Does it feel like Groundhog Day to you too? It’s tough right now – a lot of people are experiencing winter blues, with the added stress and anxiety of a pandemic that’s been going on for nearly two years. While there is no cure-all for the strain and isolation many of us are feeling, volunteering is a great way to help lift your spirits while helping your community.
Research suggests that people who volunteer experience a boost in their mental health – good news at a time when more than a third of Americans are experiencing symptoms of anxiety or depression. This boost to your mental health could reduce depression and anxiety, lower blood pressure, releases the social bonding hormone oxytocin, improve contentment, and activate the dopamine reward centers in the brain. In short, volunteering is good for you, which is excellent news because volunteers are the heartbeat of Utah Food Bank.
In fact, volunteers did the equivalent work of 68 full-time employees last year! We couldn’t feed as many people if we had to pay that many additional staff members to help. Food banks rely on volunteers; it’s how we keep costs low – so low that 96 cents of every dollar donated go directly to program support, meaning only 4 cents goes to administrative and overhead costs. Pretty amazing when you consider that we are one of a handful of food banks in the country that distributes food completely free of charge to our 216 partner agencies across the state.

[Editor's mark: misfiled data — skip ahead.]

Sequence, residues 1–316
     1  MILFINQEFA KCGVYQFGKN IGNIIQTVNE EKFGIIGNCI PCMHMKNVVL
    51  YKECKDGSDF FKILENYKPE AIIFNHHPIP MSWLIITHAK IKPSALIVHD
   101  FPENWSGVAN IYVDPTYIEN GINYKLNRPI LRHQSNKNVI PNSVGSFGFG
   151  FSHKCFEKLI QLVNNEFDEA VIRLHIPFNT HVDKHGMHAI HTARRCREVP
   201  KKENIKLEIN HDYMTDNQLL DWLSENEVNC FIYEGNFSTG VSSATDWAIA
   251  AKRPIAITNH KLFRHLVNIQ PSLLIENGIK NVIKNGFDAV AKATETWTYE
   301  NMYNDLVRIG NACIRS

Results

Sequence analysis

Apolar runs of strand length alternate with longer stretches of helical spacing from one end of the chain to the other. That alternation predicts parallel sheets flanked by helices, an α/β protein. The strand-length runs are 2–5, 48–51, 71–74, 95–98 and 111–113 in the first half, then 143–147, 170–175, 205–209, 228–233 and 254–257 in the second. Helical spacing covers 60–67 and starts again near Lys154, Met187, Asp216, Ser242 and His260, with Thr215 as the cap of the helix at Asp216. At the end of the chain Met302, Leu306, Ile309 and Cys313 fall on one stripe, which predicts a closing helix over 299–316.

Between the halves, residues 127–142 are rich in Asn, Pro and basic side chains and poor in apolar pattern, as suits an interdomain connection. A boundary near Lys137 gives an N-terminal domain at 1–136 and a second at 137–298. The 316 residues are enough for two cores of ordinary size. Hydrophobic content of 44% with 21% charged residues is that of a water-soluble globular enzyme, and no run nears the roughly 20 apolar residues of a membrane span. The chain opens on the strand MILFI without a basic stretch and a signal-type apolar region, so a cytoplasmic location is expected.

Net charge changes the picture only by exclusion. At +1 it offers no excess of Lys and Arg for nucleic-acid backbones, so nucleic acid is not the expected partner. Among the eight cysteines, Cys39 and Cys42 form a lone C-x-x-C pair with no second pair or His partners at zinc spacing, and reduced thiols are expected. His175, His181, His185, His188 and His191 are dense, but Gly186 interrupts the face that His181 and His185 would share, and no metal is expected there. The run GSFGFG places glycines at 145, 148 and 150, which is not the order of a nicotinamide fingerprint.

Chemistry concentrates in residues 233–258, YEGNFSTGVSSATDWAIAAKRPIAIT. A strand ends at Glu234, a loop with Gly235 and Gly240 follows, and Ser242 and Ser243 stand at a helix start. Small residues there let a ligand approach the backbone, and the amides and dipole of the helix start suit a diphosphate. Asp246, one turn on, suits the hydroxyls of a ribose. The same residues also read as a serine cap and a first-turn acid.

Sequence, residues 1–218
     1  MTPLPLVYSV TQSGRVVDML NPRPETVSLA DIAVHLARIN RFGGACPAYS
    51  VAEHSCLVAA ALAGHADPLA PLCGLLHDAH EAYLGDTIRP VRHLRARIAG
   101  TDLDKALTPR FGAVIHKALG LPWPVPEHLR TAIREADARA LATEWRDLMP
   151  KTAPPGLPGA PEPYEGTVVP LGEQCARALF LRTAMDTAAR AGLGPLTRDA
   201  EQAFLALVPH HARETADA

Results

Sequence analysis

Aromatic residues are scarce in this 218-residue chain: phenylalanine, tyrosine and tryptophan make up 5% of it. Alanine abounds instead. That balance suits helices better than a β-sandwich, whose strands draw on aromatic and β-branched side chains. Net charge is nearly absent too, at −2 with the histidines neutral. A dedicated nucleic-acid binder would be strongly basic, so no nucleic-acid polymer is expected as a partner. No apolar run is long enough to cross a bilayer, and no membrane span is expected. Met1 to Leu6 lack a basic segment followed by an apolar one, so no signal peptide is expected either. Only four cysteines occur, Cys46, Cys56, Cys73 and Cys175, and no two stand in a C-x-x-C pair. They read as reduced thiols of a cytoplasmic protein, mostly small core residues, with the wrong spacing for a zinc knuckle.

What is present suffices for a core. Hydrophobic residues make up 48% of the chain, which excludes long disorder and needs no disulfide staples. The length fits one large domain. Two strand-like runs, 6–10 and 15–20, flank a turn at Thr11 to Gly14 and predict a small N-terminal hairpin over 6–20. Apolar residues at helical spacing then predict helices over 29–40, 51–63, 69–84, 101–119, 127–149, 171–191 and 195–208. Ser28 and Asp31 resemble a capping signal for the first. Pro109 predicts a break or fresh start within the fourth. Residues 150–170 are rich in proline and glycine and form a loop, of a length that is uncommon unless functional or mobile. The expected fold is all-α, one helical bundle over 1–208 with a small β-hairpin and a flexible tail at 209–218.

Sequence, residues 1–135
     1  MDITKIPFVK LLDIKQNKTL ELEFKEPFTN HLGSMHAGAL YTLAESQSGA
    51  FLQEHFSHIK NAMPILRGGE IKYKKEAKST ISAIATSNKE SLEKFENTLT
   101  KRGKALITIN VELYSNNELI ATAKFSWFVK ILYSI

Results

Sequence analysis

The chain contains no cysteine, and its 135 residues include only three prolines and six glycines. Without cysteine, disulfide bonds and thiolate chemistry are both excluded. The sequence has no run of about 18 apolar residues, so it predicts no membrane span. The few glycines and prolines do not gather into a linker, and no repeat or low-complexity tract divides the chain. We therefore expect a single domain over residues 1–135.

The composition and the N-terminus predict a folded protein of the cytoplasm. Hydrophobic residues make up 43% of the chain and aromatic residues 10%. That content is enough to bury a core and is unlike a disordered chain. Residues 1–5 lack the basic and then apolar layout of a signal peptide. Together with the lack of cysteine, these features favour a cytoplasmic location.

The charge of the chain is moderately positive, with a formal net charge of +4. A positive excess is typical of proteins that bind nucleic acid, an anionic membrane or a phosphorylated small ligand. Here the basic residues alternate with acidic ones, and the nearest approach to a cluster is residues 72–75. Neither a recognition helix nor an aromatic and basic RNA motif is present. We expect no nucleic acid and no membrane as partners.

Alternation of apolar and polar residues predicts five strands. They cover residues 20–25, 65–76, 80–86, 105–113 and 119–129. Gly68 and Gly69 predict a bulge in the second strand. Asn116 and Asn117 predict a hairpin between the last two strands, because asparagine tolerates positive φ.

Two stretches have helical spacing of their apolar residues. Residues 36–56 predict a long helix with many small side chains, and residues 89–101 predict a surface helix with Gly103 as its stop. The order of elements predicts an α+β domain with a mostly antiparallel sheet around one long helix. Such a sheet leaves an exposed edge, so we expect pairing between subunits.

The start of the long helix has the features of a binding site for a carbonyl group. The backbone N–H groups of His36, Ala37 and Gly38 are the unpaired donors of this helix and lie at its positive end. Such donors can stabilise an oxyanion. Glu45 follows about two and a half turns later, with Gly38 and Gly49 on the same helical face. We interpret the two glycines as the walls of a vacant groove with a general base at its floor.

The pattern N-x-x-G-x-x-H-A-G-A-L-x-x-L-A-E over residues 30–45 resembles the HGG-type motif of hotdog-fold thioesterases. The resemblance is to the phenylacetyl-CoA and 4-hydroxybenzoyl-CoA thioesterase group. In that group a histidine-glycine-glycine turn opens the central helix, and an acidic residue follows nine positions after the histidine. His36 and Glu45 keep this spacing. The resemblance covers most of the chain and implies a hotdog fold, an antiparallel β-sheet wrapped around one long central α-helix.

While we’re always in need of volunteers, we’re currently experiencing a shortage due to group cancellations and could use your help! If you’d like to join us in Fighting Hunger Statewide, we have many opportunities for individuals, groups, and families to help with a variety of projects. All volunteers must schedule in advance – so click below to learn more and get started!
We take COVID-19 very seriously and are doing our part to keep everyone healthy and safe. This includes strict cleaning protocols, hand sanitizing and mask requirements for all staff and volunteers. We also have several smaller project areas that allow for social distancing and can accommodate your needs! And if you don’t feel comfortable being around others, delivering food boxes to homebound seniors and people with disabilities is a great way to get the mental health boost of volunteering while limiting social interactions.